I decided to go for pretty flowers today. I've now seen five different kinds of trilliums along the North Country Trail, and we saw three of the kinds on this hike. The above picture is the most common of the showy flowers, the large-flowered trillium. It almost glows white in the woods, and often covers whole hillsides with its bright blooms. I suspect that most North American readers have seen this one.
Perhaps you've seen this one, too. It's less common, but not really rare. This is the red trillium, or wakerobin, Trillium erectum. The flowers smell bad. I've seen it more often in New York than Michigan, but it is found here. In the picture above, it's almost at the end of the life of the bloom, and they are starting to fade a bit.
Finally, I saw this painted trillium, Trillium undulatum. Although the blossom is really on its last legs, it's memorable because it's seen much less often. I studied the picture really carefully to be sure of the identification, because the white one often fades to pink as it ages. But I feel pretty sure of the identification. The band of pink evenly spaced around the center of the flower, and the pink stamens, instead of yellow ones. I don't think the picture is good enough to put on my photo pages because the flower is in bad shape. Hope I see another one some time!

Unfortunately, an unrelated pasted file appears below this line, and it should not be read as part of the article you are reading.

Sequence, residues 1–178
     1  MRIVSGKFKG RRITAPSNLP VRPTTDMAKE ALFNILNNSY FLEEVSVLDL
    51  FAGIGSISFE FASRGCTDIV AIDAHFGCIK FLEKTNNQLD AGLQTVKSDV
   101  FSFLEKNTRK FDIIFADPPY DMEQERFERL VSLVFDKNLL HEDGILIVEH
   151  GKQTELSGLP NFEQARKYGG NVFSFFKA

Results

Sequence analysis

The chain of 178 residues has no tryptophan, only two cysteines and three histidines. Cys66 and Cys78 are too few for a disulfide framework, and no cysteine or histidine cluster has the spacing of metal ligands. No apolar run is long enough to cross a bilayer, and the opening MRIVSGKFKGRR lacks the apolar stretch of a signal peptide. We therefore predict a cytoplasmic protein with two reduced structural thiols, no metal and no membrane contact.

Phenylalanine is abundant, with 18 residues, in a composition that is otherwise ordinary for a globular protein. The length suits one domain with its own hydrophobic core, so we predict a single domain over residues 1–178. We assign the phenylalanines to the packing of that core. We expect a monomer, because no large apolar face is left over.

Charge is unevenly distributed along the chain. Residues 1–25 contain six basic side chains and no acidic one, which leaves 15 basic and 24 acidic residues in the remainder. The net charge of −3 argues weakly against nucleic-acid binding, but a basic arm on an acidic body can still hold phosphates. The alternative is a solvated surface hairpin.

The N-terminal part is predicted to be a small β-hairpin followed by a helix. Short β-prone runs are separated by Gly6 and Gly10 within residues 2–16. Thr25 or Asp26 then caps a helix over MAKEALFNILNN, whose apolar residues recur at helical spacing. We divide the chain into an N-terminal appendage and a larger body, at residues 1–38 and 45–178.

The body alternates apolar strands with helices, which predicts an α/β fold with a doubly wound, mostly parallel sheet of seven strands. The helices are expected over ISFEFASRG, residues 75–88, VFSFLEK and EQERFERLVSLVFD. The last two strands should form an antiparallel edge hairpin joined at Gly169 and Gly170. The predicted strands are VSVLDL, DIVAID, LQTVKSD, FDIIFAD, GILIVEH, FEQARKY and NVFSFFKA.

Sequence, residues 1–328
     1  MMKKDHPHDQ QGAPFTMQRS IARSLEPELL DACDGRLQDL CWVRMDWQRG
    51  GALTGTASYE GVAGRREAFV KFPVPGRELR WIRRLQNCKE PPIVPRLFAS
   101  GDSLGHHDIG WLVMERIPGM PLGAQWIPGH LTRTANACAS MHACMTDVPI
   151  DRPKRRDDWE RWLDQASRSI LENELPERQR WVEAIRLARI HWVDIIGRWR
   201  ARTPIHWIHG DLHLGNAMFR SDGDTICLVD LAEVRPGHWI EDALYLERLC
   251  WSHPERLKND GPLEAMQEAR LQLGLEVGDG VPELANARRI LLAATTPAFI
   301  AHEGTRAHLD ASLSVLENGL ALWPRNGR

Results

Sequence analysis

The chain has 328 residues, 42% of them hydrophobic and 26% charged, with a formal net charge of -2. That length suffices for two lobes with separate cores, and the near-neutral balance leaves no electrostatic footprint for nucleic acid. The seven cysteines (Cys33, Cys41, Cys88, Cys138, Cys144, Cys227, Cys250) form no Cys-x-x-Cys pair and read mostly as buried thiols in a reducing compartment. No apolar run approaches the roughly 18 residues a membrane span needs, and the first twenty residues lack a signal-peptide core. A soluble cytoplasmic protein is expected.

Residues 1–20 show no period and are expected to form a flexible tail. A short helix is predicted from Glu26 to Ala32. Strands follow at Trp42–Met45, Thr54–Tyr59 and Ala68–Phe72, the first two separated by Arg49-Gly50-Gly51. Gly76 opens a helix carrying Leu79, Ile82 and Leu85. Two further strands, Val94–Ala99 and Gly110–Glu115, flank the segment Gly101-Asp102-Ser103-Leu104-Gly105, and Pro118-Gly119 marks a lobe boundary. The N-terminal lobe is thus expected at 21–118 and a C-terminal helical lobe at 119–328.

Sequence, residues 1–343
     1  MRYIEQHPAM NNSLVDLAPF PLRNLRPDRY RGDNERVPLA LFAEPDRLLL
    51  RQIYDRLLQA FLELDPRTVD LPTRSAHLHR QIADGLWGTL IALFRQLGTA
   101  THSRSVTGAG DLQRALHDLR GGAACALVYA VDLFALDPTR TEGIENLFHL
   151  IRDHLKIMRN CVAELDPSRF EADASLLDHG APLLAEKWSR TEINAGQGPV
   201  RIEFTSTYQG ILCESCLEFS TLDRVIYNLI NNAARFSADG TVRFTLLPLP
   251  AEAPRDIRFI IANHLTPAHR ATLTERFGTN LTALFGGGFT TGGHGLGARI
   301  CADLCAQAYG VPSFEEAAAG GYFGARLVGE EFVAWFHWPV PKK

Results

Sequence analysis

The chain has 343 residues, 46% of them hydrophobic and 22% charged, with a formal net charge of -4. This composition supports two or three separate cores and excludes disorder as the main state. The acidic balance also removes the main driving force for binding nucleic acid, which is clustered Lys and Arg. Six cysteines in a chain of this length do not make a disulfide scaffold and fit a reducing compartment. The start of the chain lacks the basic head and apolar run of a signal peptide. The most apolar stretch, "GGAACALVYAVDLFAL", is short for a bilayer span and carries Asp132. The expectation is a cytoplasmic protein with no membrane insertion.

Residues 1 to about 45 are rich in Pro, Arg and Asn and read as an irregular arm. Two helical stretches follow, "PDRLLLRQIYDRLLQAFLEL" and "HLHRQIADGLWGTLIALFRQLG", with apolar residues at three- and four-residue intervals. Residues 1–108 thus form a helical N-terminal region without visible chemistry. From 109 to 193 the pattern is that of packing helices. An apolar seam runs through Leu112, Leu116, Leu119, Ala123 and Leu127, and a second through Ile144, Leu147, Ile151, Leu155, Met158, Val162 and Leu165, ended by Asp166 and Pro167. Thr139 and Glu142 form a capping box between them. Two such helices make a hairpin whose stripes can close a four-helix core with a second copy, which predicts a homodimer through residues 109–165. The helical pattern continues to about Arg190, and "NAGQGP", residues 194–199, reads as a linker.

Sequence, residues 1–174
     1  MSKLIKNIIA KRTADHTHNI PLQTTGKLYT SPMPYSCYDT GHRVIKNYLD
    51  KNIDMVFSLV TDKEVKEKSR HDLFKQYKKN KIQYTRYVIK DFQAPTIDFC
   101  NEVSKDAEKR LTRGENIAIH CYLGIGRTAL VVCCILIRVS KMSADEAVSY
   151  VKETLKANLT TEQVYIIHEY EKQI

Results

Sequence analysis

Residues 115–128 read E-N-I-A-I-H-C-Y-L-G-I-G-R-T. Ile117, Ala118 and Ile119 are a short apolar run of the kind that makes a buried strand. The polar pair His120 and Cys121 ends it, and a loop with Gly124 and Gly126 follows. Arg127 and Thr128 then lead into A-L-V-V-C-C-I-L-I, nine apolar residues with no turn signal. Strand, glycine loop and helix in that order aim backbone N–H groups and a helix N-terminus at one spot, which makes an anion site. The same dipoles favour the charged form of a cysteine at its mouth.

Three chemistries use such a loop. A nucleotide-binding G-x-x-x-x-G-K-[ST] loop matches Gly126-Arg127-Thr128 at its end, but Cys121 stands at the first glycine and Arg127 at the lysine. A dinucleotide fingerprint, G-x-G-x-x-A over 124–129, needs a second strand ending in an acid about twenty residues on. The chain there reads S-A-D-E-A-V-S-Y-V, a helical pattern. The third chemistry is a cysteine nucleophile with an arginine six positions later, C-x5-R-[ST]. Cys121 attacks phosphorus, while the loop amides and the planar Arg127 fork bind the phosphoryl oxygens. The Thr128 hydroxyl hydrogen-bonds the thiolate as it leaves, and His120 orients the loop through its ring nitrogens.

Here's a closeup of the center. The flower really looks like it might have been frozen, especially since that top petal is just flopped over the back of the leaves. But you can see the pink stamens, and the definite pattern to the pink band. This is only the second time I've seen this trillium, ever.
The other two I have seen in the past are nodding trillium and sessile trilium (or toadshade). I think that only leaves one for me to add to my life list, the prairie trillium.
|if you like this blog, click the +1 |